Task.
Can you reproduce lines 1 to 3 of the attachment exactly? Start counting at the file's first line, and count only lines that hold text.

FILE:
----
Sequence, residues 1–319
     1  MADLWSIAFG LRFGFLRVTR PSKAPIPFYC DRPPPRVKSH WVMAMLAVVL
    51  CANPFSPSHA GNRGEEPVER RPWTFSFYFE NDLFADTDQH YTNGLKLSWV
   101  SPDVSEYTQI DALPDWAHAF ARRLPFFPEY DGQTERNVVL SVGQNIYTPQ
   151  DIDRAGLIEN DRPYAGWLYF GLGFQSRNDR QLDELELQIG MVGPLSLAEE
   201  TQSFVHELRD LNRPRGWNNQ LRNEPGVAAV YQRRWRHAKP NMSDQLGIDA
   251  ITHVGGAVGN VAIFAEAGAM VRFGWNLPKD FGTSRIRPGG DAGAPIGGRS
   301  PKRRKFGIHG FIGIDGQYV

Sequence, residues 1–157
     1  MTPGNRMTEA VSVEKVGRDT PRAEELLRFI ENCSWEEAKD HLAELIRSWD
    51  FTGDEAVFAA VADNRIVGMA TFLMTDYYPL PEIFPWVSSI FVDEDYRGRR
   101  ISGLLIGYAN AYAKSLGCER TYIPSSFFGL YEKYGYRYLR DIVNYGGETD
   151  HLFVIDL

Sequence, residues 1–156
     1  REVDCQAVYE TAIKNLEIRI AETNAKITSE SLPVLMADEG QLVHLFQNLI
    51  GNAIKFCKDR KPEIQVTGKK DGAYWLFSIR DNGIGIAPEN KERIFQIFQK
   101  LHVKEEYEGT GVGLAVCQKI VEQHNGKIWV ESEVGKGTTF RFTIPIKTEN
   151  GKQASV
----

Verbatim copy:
Sequence, residues 1–319
     1  MADLWSIAFG LRFGFLRVTR PSKAPIPFYC DRPPPRVKSH WVMAMLAVVL
    51  CANPFSPSHA GNRGEEPVER RPWTFSFYFE NDLFADTDQH YTNGLKLSWV